The Subaru Outback is a reliable all-wheel drive vehicle that will last well over 100,000 miles if you take care of it. You can easily troubleshoot your Outback's exhaust system to pinpoint areas that might need to be fixed--even before these areas take a toll on your car.
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Inspect the exhaust manifold for looseness and leaks. If you have a pre-1997 Subaru Outback, your car has an exhaust manifold. Starting in 1997, Subaru made the 1.8L, 2.5L and 3.3 L without an exhaust manifold. The exhaust enters through the front Y pipe instead.
Examine the tailpipe all the way to the Outback's engine for cracks and holes. It's common to see damage between the exhaust manifold and the cylinder head, so look out for these problems.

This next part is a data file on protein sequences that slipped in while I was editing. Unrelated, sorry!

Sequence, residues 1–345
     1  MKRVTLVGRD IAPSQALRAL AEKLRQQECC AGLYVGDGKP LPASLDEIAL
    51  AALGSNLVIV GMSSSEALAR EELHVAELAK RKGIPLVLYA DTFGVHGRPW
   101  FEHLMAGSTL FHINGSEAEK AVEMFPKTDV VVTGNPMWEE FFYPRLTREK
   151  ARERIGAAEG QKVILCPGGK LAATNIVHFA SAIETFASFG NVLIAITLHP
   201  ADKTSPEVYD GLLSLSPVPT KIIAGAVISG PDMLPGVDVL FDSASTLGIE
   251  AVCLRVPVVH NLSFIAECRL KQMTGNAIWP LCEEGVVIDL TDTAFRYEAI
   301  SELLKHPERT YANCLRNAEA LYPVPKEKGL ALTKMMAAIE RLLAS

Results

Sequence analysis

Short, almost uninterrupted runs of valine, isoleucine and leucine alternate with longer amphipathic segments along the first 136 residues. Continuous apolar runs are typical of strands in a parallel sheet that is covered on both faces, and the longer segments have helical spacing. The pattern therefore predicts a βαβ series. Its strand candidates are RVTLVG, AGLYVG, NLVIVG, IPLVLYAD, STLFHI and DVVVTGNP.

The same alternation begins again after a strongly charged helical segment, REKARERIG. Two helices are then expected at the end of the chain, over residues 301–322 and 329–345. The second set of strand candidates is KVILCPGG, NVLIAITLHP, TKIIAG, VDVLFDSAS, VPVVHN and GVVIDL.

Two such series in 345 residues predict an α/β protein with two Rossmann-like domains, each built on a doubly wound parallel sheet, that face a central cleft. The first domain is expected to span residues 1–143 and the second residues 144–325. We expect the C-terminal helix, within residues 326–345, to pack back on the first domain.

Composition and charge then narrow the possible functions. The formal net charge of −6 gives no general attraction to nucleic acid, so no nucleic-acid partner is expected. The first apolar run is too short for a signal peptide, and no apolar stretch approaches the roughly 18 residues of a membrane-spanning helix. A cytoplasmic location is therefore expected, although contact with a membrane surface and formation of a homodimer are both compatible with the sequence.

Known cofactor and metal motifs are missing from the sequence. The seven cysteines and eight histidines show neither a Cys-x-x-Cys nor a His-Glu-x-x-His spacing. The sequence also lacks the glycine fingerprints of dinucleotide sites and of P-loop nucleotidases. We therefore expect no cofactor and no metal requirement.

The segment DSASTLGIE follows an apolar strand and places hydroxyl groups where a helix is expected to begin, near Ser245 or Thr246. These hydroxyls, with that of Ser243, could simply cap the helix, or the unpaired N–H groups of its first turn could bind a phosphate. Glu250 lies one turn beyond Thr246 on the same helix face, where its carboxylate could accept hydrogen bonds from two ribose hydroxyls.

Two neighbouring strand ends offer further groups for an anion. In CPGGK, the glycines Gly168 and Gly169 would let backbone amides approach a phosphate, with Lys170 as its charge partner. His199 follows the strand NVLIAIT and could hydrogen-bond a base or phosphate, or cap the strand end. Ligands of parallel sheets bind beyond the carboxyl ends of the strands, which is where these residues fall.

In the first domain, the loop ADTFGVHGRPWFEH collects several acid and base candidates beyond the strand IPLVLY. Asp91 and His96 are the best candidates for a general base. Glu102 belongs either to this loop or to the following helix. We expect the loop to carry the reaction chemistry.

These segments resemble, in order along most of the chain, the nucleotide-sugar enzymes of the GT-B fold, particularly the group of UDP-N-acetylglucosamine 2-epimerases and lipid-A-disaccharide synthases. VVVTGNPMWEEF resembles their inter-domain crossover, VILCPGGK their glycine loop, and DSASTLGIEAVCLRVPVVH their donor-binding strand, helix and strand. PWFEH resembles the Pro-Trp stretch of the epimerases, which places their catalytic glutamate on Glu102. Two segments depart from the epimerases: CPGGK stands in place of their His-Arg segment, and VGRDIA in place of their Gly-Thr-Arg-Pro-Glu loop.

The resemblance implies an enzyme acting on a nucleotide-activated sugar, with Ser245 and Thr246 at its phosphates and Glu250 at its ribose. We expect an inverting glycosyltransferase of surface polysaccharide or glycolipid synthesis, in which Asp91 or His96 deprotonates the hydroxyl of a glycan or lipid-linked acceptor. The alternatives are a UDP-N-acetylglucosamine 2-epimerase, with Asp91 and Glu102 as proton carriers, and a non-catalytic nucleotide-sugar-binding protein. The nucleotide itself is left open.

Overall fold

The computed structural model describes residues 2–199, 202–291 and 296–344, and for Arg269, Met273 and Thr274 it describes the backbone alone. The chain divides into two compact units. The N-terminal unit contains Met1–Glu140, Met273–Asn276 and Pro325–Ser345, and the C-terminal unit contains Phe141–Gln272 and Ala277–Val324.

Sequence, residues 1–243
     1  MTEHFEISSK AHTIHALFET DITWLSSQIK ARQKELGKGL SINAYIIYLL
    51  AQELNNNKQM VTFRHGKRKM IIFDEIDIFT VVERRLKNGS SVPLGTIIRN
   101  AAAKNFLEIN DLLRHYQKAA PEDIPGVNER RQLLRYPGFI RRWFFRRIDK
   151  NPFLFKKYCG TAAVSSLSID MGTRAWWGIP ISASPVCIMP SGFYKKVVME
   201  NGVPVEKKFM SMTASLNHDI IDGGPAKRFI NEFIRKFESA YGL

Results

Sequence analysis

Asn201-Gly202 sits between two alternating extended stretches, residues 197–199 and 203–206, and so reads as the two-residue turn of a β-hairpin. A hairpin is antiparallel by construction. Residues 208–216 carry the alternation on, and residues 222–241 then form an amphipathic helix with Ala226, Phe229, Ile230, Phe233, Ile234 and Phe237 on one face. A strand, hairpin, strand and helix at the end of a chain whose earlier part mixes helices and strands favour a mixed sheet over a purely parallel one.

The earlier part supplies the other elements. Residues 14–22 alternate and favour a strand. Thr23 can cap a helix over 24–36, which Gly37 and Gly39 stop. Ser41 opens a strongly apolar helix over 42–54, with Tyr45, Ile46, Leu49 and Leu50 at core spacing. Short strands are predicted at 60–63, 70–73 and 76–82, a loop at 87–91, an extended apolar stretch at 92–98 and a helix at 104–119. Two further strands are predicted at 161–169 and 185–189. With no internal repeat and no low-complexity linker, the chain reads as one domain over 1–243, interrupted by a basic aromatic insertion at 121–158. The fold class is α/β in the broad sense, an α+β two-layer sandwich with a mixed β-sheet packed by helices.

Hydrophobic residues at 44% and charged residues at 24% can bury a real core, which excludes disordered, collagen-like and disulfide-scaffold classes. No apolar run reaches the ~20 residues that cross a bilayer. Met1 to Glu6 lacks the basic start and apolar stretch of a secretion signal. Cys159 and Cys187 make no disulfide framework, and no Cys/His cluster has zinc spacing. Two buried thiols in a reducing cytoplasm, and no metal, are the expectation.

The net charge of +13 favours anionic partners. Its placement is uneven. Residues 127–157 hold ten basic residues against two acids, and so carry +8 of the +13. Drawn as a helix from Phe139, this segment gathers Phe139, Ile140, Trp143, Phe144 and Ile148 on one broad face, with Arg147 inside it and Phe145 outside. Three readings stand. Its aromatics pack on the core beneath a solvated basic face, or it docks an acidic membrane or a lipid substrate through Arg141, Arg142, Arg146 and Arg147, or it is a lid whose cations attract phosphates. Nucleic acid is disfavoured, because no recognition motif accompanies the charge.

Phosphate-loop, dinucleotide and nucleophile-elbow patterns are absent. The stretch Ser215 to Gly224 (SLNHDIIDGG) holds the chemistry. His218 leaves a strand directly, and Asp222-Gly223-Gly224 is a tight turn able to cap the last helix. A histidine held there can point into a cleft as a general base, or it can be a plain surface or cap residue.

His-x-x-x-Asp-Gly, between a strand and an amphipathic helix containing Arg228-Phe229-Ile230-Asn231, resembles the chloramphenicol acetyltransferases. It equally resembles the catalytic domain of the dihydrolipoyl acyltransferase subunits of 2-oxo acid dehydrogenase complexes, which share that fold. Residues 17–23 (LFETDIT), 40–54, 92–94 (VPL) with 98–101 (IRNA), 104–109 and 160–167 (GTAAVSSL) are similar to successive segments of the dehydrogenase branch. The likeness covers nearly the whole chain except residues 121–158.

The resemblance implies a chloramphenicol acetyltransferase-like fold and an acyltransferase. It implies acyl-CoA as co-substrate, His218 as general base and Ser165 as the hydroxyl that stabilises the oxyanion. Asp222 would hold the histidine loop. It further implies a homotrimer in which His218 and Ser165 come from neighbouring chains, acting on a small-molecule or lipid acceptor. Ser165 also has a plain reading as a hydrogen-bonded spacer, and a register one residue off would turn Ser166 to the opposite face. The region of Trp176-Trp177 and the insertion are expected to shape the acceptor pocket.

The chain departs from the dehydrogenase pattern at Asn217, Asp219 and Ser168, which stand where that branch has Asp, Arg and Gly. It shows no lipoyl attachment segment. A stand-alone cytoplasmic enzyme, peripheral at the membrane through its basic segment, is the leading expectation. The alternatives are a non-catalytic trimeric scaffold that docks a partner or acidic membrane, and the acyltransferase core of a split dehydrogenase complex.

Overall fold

Check for smoke coming out of the tail pipe. If you see blue smoke, most likely the engine's oil is leaking into the cylinder area. Black smoke means that fuel is leaking into the cylinder and isn't burning properly. White smoke is a good indication that antifreeze is entering the cylinder area.
See if there are any holes or leaks in your muffler. Also, check the entire exhaust system for cracks, holes and possible leaks.
Listen for intermittent hissing or popping sounds while your engine is running. If you notice any other sounds, such as chugging, your exhaust system could be clogged. If you hear rattling, your car could be misaligned.
Tips and warnings
- Carbon monoxide is a colorless, odorless gas and is dangerous so exhaust leaks need to be fixed right away.